In less than a week, hundreds have succumbed to a heat wave in India, most especially in Andhra Pradesh, a southeastern state.
According to B.P. Yadav, India Meteorological Department director, the country recorded its highest temperate at 117 degrees Fahrenheit on Monday at Angul in the Odisha state. Overall, temperatures during the heat wave are about five degrees higher than what it normally would be for the season. Hot and dry conditions are worsened by winds coming in from the Sindh province in Pakistan blowing across the central and northern plains of India.
"This extreme, dry heat is being blown into India by westerly winds," explained Yadav.
Although forecasts bring rain, it will take weeks for monsoons to find their way to the northern portions of India once they hit the country's southeastern coastline sometime in one week. This means that high temperatures will remain high, dropping a bit in the next few days but rising back up soon enough as another hot spell hits India.
Many of the reported dead are the poor and the homeless, as well as construction workers who toiled under direct sunlight. Only around a third of the 1.2 billion people in India have electrical access so that leaves millions without relief from the heat wave.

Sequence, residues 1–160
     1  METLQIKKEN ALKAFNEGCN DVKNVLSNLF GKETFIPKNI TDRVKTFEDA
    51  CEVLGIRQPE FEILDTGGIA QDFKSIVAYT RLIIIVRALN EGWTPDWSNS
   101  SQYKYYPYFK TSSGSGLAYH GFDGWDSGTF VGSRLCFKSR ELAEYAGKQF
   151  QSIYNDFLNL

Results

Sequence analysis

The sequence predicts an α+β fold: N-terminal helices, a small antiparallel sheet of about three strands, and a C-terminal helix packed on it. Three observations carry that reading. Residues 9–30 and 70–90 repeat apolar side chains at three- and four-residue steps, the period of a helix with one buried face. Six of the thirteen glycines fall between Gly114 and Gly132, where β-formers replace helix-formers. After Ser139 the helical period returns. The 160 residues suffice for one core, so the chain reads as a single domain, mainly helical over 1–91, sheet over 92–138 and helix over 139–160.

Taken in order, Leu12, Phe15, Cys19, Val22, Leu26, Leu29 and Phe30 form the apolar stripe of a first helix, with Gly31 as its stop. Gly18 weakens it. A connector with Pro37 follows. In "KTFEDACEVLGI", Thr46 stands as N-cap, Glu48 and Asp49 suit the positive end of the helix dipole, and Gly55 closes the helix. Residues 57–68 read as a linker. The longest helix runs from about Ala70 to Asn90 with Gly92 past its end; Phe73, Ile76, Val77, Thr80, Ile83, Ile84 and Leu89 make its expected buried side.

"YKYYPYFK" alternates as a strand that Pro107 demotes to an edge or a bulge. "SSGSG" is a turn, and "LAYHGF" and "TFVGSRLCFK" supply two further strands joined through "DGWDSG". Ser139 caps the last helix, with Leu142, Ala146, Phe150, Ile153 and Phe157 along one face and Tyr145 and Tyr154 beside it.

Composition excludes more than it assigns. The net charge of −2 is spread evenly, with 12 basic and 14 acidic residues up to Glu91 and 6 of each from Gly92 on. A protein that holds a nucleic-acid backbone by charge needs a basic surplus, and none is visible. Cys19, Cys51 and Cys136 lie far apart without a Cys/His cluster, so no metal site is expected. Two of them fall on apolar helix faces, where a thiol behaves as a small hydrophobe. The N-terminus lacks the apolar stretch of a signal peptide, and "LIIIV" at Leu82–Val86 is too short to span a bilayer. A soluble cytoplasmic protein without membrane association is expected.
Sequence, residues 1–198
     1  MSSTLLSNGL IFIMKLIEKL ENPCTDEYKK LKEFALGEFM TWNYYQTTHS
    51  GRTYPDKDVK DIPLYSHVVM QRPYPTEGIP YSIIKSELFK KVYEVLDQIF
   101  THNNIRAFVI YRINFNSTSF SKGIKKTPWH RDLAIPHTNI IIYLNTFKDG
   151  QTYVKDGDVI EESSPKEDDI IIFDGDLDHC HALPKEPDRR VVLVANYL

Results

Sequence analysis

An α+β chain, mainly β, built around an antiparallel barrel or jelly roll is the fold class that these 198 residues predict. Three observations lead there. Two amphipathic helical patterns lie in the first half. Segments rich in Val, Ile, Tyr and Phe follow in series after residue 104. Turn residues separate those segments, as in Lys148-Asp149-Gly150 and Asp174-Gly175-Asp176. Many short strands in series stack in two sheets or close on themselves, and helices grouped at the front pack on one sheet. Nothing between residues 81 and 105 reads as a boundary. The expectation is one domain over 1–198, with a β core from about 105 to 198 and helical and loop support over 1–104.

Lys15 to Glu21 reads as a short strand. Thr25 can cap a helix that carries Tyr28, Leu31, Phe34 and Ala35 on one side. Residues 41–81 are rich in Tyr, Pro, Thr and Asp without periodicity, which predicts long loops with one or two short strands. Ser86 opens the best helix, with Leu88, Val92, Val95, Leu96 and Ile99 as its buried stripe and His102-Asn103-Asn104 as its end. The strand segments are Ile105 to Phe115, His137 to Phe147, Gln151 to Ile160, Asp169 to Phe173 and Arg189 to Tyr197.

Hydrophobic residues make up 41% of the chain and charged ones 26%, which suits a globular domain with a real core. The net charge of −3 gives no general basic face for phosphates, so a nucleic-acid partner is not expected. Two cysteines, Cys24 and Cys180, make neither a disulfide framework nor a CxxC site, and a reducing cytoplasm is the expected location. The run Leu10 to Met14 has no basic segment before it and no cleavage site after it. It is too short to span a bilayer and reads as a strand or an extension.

But as demand for cooling systems increases, power in the country has dipped in and out, making the strain on the grid very evident. Those who can't cool themselves at home have mostly headed for shops and malls, seeking shelter elsewhere to beat the heat.
Heat waves are not rare in India but experts are saying current conditions should not be resulting in that many fatalities. One of the reasons the heat wave is turning out worse than it normally would is that a lot of the affected areas are humid. Add in excessive heat and stress levels spike dramatically. Unfortunately, studies are suggesting that heat waves in the future will be more frequent and more intense.
In Andhra Pradesh, Chief Minister N Chandrabu Naidu has advised all ministers, TDP and MLA leaders and workers to set up kiosks and stations to provide people with chilled drinking water. Everyone has been advised as well to stay indoors as much as possible, most especially in the afternoon, unless it is an emergency.
No thanks to the high electrical demand brought on by the immense heat, some small sub-stations and transformers have either malfunctioned or caught on fire. To prevent further overheating, electricity department officials have placed air coolers around transformers.
Photo: Anthony Quintano | Flickr